Merit-based pay at U

Karlee Weinmann

Going above and beyond the call of duty could mean wages above and beyond current compensation for more than just faculty members and academic professionals at the University.

At this month’s meeting, the University’s Board of Regents approved a policy supporting merit-based pay for approximately 4,200 civil service staff, which mainly include white-collar employees such as administrative directors and coordinators.

The new plan will not necessarily apply to unionized workers, who have a separate contract negotiation process.

The system is based on employee performance evaluations, which Vice President for Human Resources Carol Carrier said will aid in staff retention.

“That really ties into our strategic positioning goal of retaining a strong faculty and staff base,” she said. “If we can reward them, we can keep them here.”

Each participating department will be granted a 3.25 percent allowance for pay increases to be allocated according to performance, rather than making the pay increase across the board.

Mary Luther, director of University compensation, said making the process fair is of utmost importance.

“If there is a perception that management is not fair, it’s not going to be a positive experience,” she said. “If people feel good about performance management, then when you differentiate pay, it has a better chance at being successful.”

For departments interested in making the switch to the new payment method, Office of Human Resources representatives must approve plans and verify each department’s readiness to do so.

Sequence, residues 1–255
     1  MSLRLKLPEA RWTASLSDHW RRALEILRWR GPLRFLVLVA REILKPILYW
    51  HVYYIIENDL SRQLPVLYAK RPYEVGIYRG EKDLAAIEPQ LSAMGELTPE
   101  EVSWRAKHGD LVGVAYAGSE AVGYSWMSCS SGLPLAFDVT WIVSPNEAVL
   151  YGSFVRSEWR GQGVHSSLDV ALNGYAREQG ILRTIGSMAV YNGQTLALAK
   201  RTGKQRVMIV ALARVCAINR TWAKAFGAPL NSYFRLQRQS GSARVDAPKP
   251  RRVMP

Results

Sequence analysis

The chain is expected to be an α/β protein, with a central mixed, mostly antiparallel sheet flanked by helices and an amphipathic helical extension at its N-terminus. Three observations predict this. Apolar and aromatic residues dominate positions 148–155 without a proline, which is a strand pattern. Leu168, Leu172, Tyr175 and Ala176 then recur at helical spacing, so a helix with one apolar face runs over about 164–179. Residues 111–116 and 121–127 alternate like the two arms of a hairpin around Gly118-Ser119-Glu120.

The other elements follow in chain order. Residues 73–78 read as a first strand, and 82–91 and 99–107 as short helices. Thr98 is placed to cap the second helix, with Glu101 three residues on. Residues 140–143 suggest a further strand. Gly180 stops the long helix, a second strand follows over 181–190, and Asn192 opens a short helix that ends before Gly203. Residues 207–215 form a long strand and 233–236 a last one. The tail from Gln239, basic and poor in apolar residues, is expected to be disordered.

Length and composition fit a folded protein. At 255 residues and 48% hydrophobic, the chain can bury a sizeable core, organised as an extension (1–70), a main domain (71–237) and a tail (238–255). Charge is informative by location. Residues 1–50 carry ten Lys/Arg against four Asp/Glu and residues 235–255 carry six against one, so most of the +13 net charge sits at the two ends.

Human resources must approve performance management, payment and employee evaluation plans before the new practices are put in place.

The office reviews existing merit-based programs annually.

Some University entities have already implemented the pay system. Departments new to the practice will ease into the process, implementing it in 2008 at the earliest.

According to Carrier, the University aims to have “everyone on board” in three to five years.

Though the adoption of the Regents’ policy suggests merit-based pay for civil service employees could become standard in the future, not every college has taken steps to integrate the program in its payment process.

Across-the-board pay increases preserve uniformity between coworkers, and employees say a different system could spur controversy within offices.

Since supervisors would conduct evaluations on which to base wage increases, a certain threat of subjectivity in the process is inherent.

Cathy Marquardt, vice chair of the Civil Service Committee, said there could be significant disparity between employees’ raises, prompting further tension – especially within small offices.

“I don’t think it’s going to be easy for the supervisors to do this,” Marquardt said. “And I think it presents a challenge to the staff.”

Katy Olson, chair of the compensation subcommittee, said a major point of focus for the Civil Service Committee is to ensure adequate and systematic feedback for employees on a merit-based system.

While the human resources office has worked certain evaluations and progress checks into the system, Olson said her group will monitor the process as it takes effect, especially since it has been applied to civil service employees in a relatively small number of departments so far.

“Sometimes you have to implement the system to see where the weak points are, and we’re still kind of discussing that,” she said.